Anthony Paul De Ritis is chairman of the composition department at Northeastern University in Boston. He studied with Richard Felciano and Jorge Liderman and over the summers worked with Spectralist Tristan Murail at the American Conservatory at Fontainebleau near Paris. Other significant professors included William Duckworth and Kyle Gann as an undergraduate at Bucknell University, where he also had a concentration in business administration; and he has a Masters in electronic music from Ohio University. He also scores music for video games and is a developer of the Boston Symphony's Online Conservatory in collaboration with Northeastern. All of this activity seems to be pertinent to the composer's work.
This program opens with Legerdemain (1994), an explosive 10-minute piece for orchestra and electronics, with the orchestral sound extended with a reverb-delay processor controlled by a synthesizer. The work is both angular and static, with a background of "tau" harmonies and clear, almost tonal root progression typical of the Spectralist style.
The somewhat earlier Chords of Dust (2002) is devoid of electronics. It is cast in a traditional ABA (slow-fast-slow) design, the fast part intense and exciting, with the recap of the slow section introducing a strangely Spanish motive in the solo oboe. The piece is based on overtone series in the Spectralist mode, lending the work a postmodern tonal feel.
Devolution (2004), a concerto for turntable and orchestra, is the most recent piece on the program. Written for the famous hip-hop turntable-ist DJ Spooky That Subliminal Kid (real name Paul D. Miller), the half-hour piece has Mr Spooky making funny electronic noises and spinning cool hits like Ravel's Bolero and the slow movement of Beethoven's Seventh Symphony, which appears about 17 minutes in with a rock beat. It is followed by a four minute turntable cadenza. The rhythmic repetitions of those two pieces tempt the assertion that they are somehow classy rock music predecessors, and I won't comment on that. Mr De Ritis's often quasi-minimalist spectral excursions recur as orchestral commentary over the course of the work. The end result is a trippy collage that must have entranced its Oakland East Bay Symphony audience (the Ravel and Beethoven works were on the same program at the premiere performance). Today's turntables are, like everything else, computer-driven, and as a result have a tremendous amount of sonic and editorial flexibility, so nowadays it's an authentic electronic instrument that demands a skilled operator. Of course, how it's programmed may be changed with every performance, so this may be considered one possibility among many. Performance and interpretive choice has been standard operating procedure for much post-Cage art music for a long time. In this case only the instrument is relatively new (but this is not the first turntable concerto).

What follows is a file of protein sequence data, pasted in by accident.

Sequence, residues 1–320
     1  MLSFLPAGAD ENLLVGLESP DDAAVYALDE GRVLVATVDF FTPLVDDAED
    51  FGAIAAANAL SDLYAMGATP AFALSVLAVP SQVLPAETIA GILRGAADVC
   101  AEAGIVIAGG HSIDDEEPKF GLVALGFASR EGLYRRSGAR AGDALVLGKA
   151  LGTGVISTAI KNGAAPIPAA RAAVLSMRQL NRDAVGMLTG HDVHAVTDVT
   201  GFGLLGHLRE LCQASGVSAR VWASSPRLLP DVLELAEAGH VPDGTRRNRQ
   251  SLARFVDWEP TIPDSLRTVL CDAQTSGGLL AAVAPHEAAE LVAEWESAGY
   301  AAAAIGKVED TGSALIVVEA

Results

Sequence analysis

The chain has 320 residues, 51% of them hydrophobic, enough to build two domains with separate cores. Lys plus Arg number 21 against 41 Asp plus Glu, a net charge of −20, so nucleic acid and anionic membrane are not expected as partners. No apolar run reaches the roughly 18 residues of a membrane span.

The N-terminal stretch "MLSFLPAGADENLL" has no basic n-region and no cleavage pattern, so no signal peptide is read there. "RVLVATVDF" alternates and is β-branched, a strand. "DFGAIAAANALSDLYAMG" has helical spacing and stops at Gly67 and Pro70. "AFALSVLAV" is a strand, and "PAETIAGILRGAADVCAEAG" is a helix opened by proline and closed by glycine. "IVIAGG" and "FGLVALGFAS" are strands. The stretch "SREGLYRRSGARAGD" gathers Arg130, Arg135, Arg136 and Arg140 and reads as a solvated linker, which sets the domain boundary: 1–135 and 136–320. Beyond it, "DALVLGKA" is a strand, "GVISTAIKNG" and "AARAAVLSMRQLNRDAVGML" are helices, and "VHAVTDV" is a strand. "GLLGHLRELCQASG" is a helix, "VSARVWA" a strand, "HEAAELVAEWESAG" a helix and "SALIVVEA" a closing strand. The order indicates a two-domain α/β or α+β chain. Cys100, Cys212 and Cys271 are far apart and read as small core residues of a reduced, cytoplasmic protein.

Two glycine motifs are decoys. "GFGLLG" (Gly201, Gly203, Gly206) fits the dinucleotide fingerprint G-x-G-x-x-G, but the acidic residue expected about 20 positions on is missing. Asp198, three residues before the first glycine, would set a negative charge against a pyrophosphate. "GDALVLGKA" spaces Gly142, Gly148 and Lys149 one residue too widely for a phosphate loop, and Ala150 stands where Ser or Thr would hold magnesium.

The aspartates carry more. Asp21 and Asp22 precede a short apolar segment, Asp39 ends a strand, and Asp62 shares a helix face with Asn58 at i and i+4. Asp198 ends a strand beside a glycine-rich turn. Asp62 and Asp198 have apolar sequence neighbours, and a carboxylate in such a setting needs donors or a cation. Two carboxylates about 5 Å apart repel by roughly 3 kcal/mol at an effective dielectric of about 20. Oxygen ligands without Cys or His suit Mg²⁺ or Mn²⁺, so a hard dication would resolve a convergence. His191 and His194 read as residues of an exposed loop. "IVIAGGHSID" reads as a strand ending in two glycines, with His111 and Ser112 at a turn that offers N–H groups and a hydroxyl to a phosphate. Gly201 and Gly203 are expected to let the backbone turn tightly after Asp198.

This piece, which takes up half the program and is its main attraction, is geared toward hip modem music audiences, but most of all to younger audiences that are assumed to be intimidated by a standard classical music concert. Commentary on this condition has been discussed exhaustively in these pages. Notes by the composer and Boston Symphony annotator Robert Kirzinger